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By: David St John Thomas
536 pages, Col plates
Remote Britain relishes the ever-changing landscapes of our island and the people who grow out of them. And the constant surprises. Who, for example, would guess that some of England's remotest hilly walks are to be found in the Lincolnshire Wolds, how sharp are the contrasts to be found within the Isles of Scilly, how remote it is possible to feel in Essex, or how extraordinary is 'Yorkshire's teardrop', Spurn Point, way out in the Humber estuary? There is an abandoned railway even to that spot. As in his acclaimed Journey Through Britain, Mr Thomas finds remains of railways and even active steam trains in the most unlikely of places, stays in hotels to fall in love with or to hate, and is never short of people to express their own views, as he does colourfully himself in chapters such as 'In the Footsteps of the Queen Mother'.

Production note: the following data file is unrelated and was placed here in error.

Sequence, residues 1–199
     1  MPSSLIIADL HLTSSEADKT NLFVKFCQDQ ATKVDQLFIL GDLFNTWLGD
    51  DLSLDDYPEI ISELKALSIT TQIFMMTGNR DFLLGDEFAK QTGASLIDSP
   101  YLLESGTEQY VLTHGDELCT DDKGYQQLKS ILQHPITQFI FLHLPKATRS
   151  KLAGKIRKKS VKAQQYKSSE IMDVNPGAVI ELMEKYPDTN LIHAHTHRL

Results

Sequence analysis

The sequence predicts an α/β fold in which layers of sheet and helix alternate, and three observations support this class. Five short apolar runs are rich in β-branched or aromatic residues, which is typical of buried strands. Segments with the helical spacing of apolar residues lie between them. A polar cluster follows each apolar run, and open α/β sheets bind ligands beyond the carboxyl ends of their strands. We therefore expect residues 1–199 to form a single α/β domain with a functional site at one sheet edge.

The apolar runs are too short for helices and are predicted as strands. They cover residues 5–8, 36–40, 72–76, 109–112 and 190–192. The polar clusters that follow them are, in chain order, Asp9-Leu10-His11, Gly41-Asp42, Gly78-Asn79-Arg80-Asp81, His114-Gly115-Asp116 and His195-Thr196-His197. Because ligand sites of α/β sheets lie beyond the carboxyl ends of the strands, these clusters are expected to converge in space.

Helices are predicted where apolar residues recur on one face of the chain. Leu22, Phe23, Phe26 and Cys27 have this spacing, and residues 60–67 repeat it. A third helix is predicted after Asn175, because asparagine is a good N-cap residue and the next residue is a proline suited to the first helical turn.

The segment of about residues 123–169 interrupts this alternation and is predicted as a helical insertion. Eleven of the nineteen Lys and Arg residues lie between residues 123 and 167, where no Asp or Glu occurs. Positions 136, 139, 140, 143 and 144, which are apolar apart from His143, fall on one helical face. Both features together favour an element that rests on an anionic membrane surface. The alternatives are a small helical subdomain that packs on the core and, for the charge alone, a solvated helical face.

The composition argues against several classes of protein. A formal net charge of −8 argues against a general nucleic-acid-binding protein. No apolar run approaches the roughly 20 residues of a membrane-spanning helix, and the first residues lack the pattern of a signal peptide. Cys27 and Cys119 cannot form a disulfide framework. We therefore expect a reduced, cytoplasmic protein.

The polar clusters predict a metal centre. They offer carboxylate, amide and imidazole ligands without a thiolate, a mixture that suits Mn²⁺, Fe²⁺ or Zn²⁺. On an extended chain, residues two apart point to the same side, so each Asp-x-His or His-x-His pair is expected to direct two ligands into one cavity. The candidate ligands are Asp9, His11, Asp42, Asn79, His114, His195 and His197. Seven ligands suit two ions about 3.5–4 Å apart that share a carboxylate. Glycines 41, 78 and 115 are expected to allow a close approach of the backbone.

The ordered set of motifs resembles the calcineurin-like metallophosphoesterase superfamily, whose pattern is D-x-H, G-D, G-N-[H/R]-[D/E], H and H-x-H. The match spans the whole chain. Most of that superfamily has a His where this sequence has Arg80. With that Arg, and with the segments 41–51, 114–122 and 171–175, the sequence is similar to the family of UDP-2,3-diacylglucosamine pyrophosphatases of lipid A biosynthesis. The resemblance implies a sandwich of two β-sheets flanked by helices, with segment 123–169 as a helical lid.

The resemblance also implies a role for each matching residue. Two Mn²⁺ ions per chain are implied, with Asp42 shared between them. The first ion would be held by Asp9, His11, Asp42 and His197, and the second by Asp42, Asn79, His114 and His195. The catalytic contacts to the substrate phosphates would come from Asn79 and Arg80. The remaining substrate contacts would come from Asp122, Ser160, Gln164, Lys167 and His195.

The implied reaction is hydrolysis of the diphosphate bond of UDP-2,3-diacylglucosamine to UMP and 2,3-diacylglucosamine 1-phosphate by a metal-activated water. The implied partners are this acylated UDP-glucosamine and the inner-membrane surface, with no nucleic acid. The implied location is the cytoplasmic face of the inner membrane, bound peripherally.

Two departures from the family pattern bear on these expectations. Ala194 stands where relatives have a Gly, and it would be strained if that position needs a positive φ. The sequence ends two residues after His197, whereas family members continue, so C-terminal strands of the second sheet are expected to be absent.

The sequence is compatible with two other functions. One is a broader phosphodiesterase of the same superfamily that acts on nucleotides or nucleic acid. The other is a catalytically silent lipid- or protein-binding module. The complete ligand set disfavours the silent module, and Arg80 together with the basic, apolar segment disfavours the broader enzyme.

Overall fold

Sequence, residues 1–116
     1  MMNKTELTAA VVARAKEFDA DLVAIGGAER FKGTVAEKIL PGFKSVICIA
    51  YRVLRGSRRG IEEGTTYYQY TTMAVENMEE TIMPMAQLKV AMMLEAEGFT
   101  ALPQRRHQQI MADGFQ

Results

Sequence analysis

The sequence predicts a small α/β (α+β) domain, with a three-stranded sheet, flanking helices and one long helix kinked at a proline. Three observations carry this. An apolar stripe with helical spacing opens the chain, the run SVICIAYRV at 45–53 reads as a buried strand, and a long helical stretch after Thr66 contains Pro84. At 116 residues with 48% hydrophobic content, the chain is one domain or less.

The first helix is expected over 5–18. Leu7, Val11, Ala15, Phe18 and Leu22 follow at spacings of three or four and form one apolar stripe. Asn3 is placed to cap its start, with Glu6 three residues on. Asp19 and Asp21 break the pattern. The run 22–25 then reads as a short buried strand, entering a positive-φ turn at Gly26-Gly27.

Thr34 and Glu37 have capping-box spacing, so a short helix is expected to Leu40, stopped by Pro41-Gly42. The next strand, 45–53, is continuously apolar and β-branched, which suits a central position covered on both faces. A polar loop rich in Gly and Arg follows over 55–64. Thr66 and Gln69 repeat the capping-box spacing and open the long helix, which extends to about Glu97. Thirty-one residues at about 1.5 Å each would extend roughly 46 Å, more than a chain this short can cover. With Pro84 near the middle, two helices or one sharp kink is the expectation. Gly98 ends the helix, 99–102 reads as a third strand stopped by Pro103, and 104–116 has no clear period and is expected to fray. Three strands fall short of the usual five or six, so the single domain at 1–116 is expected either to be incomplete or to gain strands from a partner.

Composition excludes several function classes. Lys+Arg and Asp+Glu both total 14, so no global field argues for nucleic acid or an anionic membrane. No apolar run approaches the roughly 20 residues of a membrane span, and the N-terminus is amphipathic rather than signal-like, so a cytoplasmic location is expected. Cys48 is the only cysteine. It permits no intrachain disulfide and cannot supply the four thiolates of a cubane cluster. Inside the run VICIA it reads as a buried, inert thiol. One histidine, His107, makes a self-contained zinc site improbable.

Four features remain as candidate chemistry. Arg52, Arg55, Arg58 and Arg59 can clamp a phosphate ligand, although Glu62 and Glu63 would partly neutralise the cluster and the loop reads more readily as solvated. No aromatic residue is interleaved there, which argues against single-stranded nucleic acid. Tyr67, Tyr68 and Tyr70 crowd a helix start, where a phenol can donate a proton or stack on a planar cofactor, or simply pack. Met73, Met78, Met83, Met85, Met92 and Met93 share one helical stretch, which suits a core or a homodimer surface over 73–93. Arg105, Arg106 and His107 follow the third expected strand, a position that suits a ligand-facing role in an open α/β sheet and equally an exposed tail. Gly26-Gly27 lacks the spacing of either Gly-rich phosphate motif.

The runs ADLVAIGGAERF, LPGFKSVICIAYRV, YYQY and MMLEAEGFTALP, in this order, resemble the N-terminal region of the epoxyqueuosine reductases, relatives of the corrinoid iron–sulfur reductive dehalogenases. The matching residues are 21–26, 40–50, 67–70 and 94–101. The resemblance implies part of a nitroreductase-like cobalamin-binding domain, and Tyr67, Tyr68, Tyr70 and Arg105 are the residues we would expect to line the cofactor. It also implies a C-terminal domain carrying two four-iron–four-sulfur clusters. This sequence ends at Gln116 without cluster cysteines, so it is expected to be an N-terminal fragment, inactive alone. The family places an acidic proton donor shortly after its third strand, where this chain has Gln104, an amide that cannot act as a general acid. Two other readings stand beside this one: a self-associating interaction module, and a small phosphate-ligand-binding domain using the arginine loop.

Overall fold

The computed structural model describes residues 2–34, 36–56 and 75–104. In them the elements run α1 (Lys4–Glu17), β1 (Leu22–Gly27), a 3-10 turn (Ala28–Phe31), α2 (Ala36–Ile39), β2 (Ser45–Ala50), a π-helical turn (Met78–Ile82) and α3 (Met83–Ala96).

This thinking traveller's tour of some of Britain's most out-of-the-way places throws up many common themes. Populations are small but contented. The sea was the historic highway, opening up trade and bringing Christianity well before it reached most inland areas. The armed forces still command many areas of great scenery yet reductions in personnel have lessened employment, prospects in some particularly remote areas suh as the northern extremity of Britain, Unst with its unique history and way of life. In the National Parks and along the great cliffs of Upland Britain, the marshy areas and crumbling coastlines of the lowland east, and the surprising cut-off places in more central areas, Mr Thomas is fascinated by exotic historical touches and the ways people live and work.
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